The City Council of Salt Lake City voted to improve air quality and energy efficiency by passing the Energy Benchmarking and Transparency ordinance—which was proposed by Mayor Jackie Biskupski—on August 29, 2017. This policy requires commercial and municipal buildings more than 25,000 square feet to measure their energy use on an annual basis, share that information with the City, and conduct an energy tune-up evaluation every five years. Buildings with ENERGY STAR scores over 50 will be noted publicly.
NEMA recently conducted a survey of buildings subject to a similar benchmarking policy and found that 84% of facility managers who benchmarked their facilities’ energy use made a low- or no-cost operational change to improve their buildings’ performance, while 82% invested in new equipment to improve their buildings’ energy performance. The most common investments included lighting and lighting controls, heating and cooling upgrades, and energy management systems.
Others have also noted the benefits of benchmarking, transparency, and periodic tune-ups.
The U.S. Department of Energy and U.S. Environmental Protection Agency recognize that the average commercial building wastes approximately 30 percent of the energy it consumes, and the key to determining how that waste is occurring is to benchmark the building by tracking energy performance year over year. Making that information transparent to the public signals to the market which buildings are taking energy efficiency seriously.
Benchmarking policies have become a best practice for cities looking to reduce energy waste, with Salt Lake City being the 25th city in the country to adopt a benchmarking requirement. Year over year, cities with benchmarking policies have seen up to three percent reductions in the energy use in covered buildings.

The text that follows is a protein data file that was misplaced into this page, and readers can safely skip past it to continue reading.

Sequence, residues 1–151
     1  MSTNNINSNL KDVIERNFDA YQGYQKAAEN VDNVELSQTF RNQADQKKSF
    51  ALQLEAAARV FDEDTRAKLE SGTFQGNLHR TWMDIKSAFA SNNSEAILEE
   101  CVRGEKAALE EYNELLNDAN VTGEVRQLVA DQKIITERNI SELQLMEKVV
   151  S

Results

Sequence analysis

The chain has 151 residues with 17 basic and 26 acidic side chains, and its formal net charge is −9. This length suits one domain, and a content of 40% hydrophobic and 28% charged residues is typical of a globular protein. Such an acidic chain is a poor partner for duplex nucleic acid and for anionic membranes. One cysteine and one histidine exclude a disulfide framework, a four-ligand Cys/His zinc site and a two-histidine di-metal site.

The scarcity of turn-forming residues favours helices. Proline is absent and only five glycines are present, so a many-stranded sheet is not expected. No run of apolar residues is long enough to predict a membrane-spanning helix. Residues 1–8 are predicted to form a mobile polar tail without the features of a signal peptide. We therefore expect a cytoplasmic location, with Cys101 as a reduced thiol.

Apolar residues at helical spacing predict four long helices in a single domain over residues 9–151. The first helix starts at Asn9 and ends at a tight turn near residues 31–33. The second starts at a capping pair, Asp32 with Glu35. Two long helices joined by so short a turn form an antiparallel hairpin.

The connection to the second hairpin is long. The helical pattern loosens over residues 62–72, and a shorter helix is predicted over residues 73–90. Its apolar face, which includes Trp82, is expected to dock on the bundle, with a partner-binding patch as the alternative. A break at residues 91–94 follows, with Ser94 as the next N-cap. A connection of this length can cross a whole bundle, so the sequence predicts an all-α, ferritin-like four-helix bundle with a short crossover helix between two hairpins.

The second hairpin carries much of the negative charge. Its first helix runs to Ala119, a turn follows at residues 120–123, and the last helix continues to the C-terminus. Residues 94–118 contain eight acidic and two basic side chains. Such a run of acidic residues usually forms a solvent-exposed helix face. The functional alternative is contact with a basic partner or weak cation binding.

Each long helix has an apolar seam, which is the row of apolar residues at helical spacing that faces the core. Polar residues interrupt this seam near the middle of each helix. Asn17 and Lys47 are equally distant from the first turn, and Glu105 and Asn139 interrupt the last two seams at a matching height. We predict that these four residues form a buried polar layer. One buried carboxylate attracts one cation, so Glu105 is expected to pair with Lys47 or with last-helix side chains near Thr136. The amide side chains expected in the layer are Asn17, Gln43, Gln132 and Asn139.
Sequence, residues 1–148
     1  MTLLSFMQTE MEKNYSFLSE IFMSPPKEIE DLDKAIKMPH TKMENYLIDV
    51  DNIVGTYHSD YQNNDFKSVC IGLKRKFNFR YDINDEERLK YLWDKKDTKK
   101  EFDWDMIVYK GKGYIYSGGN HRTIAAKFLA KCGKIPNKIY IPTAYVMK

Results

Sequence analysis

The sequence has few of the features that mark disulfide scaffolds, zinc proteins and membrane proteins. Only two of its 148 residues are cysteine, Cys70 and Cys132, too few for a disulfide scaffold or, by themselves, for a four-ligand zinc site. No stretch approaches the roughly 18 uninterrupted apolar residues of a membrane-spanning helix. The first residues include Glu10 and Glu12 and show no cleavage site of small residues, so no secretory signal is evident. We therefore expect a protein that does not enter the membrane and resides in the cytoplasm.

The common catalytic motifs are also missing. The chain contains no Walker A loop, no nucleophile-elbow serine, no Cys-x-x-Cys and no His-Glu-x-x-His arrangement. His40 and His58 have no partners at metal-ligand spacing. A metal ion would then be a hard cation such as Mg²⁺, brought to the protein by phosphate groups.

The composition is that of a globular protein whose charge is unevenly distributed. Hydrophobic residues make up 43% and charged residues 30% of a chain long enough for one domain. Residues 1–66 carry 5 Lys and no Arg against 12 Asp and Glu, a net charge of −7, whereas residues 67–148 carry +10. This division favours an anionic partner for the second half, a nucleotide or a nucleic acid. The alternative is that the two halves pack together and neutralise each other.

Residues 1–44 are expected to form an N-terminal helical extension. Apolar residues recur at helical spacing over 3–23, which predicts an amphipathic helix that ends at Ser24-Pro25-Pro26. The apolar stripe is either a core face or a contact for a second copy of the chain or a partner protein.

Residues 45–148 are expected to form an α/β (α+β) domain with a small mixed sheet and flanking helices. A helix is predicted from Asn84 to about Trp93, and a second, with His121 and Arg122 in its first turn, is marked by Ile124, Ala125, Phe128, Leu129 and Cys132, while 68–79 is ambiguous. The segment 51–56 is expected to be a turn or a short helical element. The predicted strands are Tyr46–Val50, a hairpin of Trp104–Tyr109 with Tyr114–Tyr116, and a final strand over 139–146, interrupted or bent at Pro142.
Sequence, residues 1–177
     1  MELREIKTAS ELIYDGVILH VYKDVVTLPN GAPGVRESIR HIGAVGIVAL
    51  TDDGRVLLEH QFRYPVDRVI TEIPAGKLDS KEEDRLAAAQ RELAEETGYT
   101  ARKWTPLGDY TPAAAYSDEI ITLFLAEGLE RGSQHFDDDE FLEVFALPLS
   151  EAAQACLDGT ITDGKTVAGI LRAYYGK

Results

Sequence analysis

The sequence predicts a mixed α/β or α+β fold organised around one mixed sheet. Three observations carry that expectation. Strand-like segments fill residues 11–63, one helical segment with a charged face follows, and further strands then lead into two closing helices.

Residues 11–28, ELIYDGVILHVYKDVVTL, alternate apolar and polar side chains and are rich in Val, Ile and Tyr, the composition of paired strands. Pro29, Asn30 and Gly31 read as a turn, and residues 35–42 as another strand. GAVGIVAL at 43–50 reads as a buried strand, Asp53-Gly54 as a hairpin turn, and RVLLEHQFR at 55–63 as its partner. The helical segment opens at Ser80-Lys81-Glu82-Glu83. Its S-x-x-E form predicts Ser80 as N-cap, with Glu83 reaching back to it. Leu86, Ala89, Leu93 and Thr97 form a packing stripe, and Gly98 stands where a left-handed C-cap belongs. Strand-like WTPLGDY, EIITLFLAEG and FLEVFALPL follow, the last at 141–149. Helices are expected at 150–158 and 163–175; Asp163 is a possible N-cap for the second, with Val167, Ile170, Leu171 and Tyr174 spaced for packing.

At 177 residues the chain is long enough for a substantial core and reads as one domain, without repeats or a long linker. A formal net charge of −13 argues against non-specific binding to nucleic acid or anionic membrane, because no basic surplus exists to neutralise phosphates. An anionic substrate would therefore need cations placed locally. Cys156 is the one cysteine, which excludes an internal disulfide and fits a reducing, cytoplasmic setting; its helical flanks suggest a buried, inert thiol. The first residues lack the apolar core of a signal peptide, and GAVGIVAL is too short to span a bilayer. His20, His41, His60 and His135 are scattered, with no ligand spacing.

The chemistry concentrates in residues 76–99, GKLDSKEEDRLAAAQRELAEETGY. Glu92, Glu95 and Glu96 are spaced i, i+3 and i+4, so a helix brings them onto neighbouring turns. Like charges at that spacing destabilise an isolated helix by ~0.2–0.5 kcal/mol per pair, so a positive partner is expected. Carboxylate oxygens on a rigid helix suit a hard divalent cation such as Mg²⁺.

In April 2016, the American Lung Association ranked the Salt Lake City-Provo-Orem area as having the 6th worst short-term particle air pollution among 186 monitored metropolitan areas. The energy buildings use to run is a notable source of pollution, and improving the efficiency of the building stock will have positive benefits for the local air quality.
Salt Lake City also has ambitious goals when it comes to sustainability and the associated economic development. On July 12, 2016, the Salt Lake City Council and Mayor Biskupski formally adopted a Joint Resolution to transition the Salt Lake City community to 100 percent renewable electricity sources by 2032, to reduce 80 percent of Salt Lake City’s carbon emissions by 2040. Energy efficiency is a key cost-effective strategy to help meet this goal, as the less energy the city uses, the less renewable energy must be procured.
NEMA congratulates Salt Lake City on its new policy, and looks forward to working with the City as a resource for information on energy-efficient and connected electrical products and systems. Find out more about NEMA’s work on high-performance buildings at www.nema.org/hpb.